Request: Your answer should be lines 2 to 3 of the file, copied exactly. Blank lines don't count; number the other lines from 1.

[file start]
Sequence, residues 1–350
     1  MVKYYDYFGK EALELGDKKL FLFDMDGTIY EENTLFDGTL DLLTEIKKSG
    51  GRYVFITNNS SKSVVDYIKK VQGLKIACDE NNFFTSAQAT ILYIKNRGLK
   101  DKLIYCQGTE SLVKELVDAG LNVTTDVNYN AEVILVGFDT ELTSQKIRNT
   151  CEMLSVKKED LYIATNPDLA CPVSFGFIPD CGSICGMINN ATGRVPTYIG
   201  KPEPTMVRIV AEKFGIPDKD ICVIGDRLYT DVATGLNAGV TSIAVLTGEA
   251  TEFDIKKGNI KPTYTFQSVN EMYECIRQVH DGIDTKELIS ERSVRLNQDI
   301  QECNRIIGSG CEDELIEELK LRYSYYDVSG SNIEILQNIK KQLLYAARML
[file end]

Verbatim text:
     1  MVKYYDYFGK EALELGDKKL FLFDMDGTIY EENTLFDGTL DLLTEIKKSG
    51  GRYVFITNNS SKSVVDYIKK VQGLKIACDE NNFFTSAQAT ILYIKNRGLK